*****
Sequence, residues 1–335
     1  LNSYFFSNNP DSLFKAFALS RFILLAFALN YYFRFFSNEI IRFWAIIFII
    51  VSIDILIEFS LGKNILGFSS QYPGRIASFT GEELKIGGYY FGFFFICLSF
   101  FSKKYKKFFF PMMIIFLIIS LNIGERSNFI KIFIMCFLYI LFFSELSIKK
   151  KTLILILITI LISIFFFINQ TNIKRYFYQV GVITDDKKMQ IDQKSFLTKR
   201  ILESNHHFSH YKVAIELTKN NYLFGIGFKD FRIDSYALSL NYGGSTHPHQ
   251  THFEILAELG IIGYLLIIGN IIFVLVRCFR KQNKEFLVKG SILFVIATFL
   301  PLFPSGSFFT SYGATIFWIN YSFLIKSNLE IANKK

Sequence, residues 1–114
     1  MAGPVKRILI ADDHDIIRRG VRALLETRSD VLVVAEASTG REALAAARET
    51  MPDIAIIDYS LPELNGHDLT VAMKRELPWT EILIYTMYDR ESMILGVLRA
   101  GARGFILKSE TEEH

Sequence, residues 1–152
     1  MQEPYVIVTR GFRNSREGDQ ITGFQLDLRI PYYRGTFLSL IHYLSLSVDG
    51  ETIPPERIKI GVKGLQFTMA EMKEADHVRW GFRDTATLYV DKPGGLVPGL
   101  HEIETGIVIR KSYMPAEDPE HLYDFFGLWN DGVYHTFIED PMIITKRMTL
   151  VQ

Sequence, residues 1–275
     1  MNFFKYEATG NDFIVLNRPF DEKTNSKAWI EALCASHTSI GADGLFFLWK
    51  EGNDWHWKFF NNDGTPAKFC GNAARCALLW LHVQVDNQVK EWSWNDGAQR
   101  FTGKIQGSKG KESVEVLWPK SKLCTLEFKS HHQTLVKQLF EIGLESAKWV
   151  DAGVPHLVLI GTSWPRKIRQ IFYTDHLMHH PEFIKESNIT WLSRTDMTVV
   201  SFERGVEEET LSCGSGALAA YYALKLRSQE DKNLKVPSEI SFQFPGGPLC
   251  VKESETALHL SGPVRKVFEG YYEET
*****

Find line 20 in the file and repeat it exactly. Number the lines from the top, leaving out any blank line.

    51  EGNDWHWKFF NNDGTPAKFC GNAARCALLW LHVQVDNQVK EWSWNDGAQR